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How to use exit interviews to reduce employee turnover

How to use exit interviews to reduce employee turnover

Exit interviews aren’t funerals. They don’t have to be tearful or awkward situations. Instead, they can be a source of incredibly valuable information for your company, if done the right way.

For example, if employees are leaving for other work, they may have insights about how to reduce turnover. If they’re departing involuntarily, the interview can be used for damage control. Interviewing an employee who’s leaving your company should be a learning experience for everyone involved.

It doesn’t have to be awkward

In small- and mid-size companies, an exit interview can be uncomfortable, given the intimacy between management and employees. “People are guarded, particularly if they’re leaving the organization,” says Lori Johnson, a team lead for ADP TotalSource, Culver City, California, an HR outsourcing firm.

Many departing employees don’t want to alienate their former employers, so they avoid honest criticism in their final interviews. Instead of telling you the operations manager is a bully, they come up with inoffensive reasons for their departure: more money, better benefits or more responsibility.

By changing the focus of the last interview, an employer can learn about the company brand from their employees’ perspective. Robert Greene, CEO of Reward Systems, a management consulting firm, says companies should ask why they started looking for another job.

“That will get them to tell you the truth,” he says. “You’ll see where you’re coming up short.”

Supplementing an in-person interview with a survey can also boost results. “People can be more honest about how they feel when they’re alone and just getting their thoughts out,” Johnson says.

Prepare thoughtful exit interview questions

Thoughtful interview questions look beyond the moment. They look for changes in the future. For example:

  • Do you have suggestions for improvements?
  • What could we have done that would have stopped you from leaving?
  • What is your new employer giving you that you did not get from us?
  • Would you like us to stay and touch to let you know about future opportunities?
  • Can you also please let us know as you gain new skills and experience?

Departing interviews can inspire change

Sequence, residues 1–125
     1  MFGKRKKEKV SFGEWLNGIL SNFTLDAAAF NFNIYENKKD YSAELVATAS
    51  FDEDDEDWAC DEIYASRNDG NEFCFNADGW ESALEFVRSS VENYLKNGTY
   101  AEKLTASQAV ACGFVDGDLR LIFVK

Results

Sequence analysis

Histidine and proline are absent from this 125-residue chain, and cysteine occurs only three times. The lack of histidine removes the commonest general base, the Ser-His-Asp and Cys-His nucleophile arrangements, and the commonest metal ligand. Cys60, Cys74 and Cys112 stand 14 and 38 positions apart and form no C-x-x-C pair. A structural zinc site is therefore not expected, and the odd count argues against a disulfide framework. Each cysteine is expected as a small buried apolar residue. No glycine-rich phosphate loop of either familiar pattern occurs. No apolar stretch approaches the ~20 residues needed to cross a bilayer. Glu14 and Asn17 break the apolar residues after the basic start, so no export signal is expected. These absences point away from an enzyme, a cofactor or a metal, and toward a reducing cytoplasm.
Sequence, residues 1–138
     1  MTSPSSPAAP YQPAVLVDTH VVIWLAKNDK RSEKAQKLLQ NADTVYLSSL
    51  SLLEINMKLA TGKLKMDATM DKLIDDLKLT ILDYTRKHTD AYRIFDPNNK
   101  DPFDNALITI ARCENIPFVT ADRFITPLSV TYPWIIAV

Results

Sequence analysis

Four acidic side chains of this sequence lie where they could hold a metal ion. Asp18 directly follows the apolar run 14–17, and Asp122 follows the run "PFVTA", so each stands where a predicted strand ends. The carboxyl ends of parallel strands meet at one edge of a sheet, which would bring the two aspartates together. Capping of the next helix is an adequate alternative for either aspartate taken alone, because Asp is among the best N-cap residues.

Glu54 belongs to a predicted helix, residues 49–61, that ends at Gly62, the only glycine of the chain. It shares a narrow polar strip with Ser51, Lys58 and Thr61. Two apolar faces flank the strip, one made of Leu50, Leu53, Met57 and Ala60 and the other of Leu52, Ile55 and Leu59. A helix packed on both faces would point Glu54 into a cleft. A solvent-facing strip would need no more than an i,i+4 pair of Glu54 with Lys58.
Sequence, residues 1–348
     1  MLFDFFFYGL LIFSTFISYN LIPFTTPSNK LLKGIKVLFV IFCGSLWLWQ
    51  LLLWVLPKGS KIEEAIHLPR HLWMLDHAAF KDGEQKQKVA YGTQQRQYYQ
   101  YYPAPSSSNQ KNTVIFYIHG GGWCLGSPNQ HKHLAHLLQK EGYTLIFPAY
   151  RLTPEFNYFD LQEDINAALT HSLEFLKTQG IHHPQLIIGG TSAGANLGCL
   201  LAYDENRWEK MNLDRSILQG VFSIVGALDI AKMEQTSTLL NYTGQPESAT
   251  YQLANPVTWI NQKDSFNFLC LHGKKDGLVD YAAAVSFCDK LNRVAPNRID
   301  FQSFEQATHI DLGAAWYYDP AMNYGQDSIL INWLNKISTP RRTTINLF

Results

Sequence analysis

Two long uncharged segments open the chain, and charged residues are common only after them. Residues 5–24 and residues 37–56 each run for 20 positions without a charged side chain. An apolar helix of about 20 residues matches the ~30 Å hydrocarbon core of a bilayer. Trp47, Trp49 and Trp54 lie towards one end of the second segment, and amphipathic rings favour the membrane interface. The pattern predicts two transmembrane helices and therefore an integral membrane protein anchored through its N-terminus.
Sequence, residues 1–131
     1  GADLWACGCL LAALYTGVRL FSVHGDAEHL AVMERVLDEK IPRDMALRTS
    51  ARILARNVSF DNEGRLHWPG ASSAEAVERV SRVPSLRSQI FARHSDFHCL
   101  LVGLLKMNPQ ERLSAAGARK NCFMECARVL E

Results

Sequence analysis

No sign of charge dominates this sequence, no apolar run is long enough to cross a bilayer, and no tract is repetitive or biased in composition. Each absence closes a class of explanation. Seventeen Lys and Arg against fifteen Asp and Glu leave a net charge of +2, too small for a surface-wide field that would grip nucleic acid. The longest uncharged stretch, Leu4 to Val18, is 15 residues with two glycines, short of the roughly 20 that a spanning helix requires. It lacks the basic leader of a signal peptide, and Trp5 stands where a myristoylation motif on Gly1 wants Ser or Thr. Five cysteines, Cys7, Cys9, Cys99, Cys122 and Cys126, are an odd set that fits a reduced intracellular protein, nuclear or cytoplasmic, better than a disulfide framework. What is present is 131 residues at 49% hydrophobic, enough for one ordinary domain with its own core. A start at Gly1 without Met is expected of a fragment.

Over time, keep a tally of what people say in their exit interviews. Once you know why employees leave, you can decide what changes can reduce employee turnover. If you see a pattern and are unable to change the situation, you can still reduce employee turnover by using the information to change the employee selection process.

For example, if your job requirements include a lot of routine accounting tasks, a recent grad may not be happy working for you because the job doesn’t utilize all his newly acquired job skills. Meanwhile, an accountant who is close to retirement might be perfectly happy in the position.

“If people are leaving for reasons you can’t fix, learn from it instead of just saying it’s painful,” Greene says. “It may be the cheapest consulting you ever get.”

Exit interviews can reduce liability

No matter why an employee is leaving, it’s a good idea to do an interview to discuss the company’s and the employee’s rights and obligations after termination. This conveys the message that your company follows the law. It can also reduce your exposure to lawsuits from former employees, says Lori Goldstein, an employment attorney in Northfield, Illinois.

In addition to covering routine issues such as COBRA and unused vacation pay, the employer should talk about any non-compete, confidentiality, or post-employment agreements that the employee signed. Doing so gets everything out in the open, so employees leave without feeling like they need to go talk to a lawyer, Goldstein says.

Make notes of the conversation

Goldstein recommends having a witness take notes at the departing interview. If you choose not to have anyone sit in, take notes yourself. That way, if you’re called into court later, you can say which questions were asked and what responses were given.

For example, suppose you asked an employee why he was leaving and he didn’t mention discrimination. If he later files a discrimination lawsuit, your notes from the interview may aid your defense. Goldstein says it may not make your defense “a slam dunk, but it may go a long way toward resolving, settling, or getting rid of the claim.”

If an employee does threaten legal action, it’s better to hear about it during the exit interview rather than later. You may be able to derail the lawsuit by offering increased severance or by completing an investigation into the complaint before the suit is filed.

Avoid retaliation by interviewing a departing employee

When you hear information that you don’t like during a final interview, remember to remain objective. “You cannot retaliate for a good faith complaint,” Goldstein says. To reduce hurt feelings and allegations of retaliation, she says, think carefully about how to tactfully share exit interview information with others in the company.

An angry supervisor or co-worker who damages a former employee’s reputation by falsely defaming them can get you sued. “Train your employees to be careful what they say to employees and the outside world,” Goldstein says.

Use exit interviews to help you find better employees

Showing employees the door is not ideal, but a good interview can open other doors. Through Monster Hiring Solutions, you can find expert recruiting advice, insights into the latest hiring trends, and great employees who are waiting to join your team.